Whenever we write up a feature on a microcontroller or microcontroller project here on Hackaday, we inevitably get two diametrically opposed opinions in the comments. If the article featured an 8-bit microcontroller, an army of ARMies post that they would do it better, faster, stronger, and using less power on a 32-bit platform. They’re usually right. On the other hand, if the article involved a 32-bit processor or a single-board computer, the 8-bitters come out of the woodwork telling you that they could get the job done with an overclocked ATtiny85 running cycle-counted assembly. And some of you probably can. (We love you all!)
When beginners walk into this briar-patch by asking where to get started, it can be a little bewildering. The Arduino recommendation is pretty easy to make, because there’s a tremendous amount of newbie-friendly material available. And Arduino doesn’t necessarily mean AVR, but when it does, that’s not a bad choice due to the relatively flexible current sourcing and sinking of the part. You’re not going to lose your job by recommending Arduino, and it’s pretty hard to get the smoke out of one.
But these days when someone new to microcontrollers asks what path they should take, I’ve started to answer back with a question: how interested are you in learning about microcontrollers themselves versus learning about making projects that happen to use them? It’s like “blue pill or red pill”: the answer to this question sets a path, and I wouldn’t recommend the same thing to people who answered differently.
For people who just want to get stuff done, a library of easy-to-use firmware and a bunch of examples to crib learn from are paramount. My guess is that people who answer “get stuff done” are the 90%. And for these folks, I wouldn’t hesitate at all to recommend an Arduino variant — because the community support is excellent, and someone has written an add-on library for nearly every gizmo you’d want to attach. This is well-trodden ground, and it’s very often plug-and-play.
Although it’s technically possible to get 16 bits of resolution on a ATMega328, most implementations of PWM on everyone’s favorite ‘mega – including just about every Arduino sketch – are limited to 8 bit PWM. This means the pins can only output 256 different values, so if you’re playing around with music made on an Arduino don’t expect very high fidelity.
There is a clever way around this: use two PWMs, and use one pin for high bytes and another for low bytes. That’s what Open Music Labs did when working on a synthesizer project that needed very high quality audio.
The basic idea behind the build is that PWM pins can be used to create audio frequencies. Using two PWM pins and adding them together means it’s possible to add extra bits of resolution. This requires using different values of resistors on each pin. For example, using the same value of resistors on two PWM pins increases the resolution by one bit. Two pins with a resistor value ratio of 1:4 increases the resolution by four bits, and so on.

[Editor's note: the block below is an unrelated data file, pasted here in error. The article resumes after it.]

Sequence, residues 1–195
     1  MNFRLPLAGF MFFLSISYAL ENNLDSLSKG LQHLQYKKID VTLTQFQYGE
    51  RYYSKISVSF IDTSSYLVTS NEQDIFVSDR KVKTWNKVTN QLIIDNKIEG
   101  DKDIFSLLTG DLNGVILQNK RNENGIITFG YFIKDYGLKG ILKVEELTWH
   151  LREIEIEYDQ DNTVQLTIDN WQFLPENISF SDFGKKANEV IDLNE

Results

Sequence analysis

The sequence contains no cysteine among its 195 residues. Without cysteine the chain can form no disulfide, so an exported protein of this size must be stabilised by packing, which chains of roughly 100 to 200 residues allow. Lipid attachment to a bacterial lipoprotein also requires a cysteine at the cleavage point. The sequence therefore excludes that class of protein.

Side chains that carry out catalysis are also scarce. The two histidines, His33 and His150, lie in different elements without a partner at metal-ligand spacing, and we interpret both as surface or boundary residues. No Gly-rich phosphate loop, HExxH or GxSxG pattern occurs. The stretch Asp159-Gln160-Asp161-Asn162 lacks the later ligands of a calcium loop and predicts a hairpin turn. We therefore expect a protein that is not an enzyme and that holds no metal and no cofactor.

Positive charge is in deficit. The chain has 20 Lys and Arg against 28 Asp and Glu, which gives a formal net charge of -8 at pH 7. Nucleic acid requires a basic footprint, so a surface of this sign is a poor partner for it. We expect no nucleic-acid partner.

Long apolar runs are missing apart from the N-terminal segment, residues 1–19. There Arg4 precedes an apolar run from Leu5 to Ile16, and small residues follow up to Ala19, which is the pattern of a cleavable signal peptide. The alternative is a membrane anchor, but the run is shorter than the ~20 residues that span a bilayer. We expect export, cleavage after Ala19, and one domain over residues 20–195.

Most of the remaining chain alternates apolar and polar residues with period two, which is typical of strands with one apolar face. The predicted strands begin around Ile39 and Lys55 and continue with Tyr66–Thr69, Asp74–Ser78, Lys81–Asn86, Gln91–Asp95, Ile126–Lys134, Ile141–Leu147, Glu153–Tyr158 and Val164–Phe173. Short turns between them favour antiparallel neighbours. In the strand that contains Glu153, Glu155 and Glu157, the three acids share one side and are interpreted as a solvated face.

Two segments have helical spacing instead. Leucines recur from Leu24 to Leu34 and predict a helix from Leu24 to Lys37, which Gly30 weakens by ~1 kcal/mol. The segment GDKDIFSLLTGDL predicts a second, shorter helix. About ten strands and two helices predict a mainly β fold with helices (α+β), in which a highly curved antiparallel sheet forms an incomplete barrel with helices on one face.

Finally a guitar that all of the arcade gaming geeks can jam with. [Mike Davenport] sent us his 8bit arcade based guitar for his senior project. Details are a little sparse if you intend to build you own at the moment, but he does mention the basics: such as it uses an FPGA for logic and function, the strings and joystick modify pitch, it has selectable waves and other parameters, and even includes save banks! Check out a video of him playing street fighter rocking out after the break. Continue reading “Part Arcade, Part Guitar”→
[Joey] sent us a link to the newest version of his Gameboy foot controller. In the video above, you can see how he uses it to control the loops in the background while he plays his guitar through an 8-bit filter. That is an old video, using the previous version. He tells us that several gameboys were used in the construction. At one point, he had to replace the guts because the music was so loud it knocked his equipment over and destroyed it. We can’t help but feel just a tiny bit of excitement as memories of renting a NES cartridge for the weekend fill our heads when we hear these riffs. His music isn’t too bad either. There is a growing crowd of people that support “chip music”. You can see what looks like a decent sized gathering enjoying a show with a little bit of a history lesson after the break.
No, it’s not flexible, its bendable. As in, you can hack it to sound different by connecting parts in random ways. “Where’s the Party At?”, or “WTPA” for short is a bendable 8 bit sampler made by [Todd Bailey]. Still curious what it is? Watch his video showing it in action. The video is huge, 93Megs, so be patient. The overall attitude of this project is built around hacking. Consider this quote from his page ” I’ve got lots of things to poke, bend, illuminate, invoke, distrust, regulate, and otherwise get jiggy with. It’s like being 15 at the mall again! “. Sounds like fun to us.
[Peter Kirn] from Create Digital Music has an article up highlighting many of the great music and visual performance pieces planned for The Last HOPE on Friday night. If you are around New York and not accustomed to hacking conferences, this could be a great excuse to go check it out. Here are some of our favorite projects.
We can’t remember the last time a new cart or peripheral for the NES was released, but [Tony Amendolare] at ElektroKraft has just changed that. In conjunction with Nesdev.com, [Amendolare] created Super Synth Drums, a NES-compatible cartridge that turns button presses on the NES gamepad into drum sounds synthesized by the NES’s sound chips. To complement his software, he created the Sonic DrumAxe, a controller that looks a bit like a potato gun and is played like a guitar.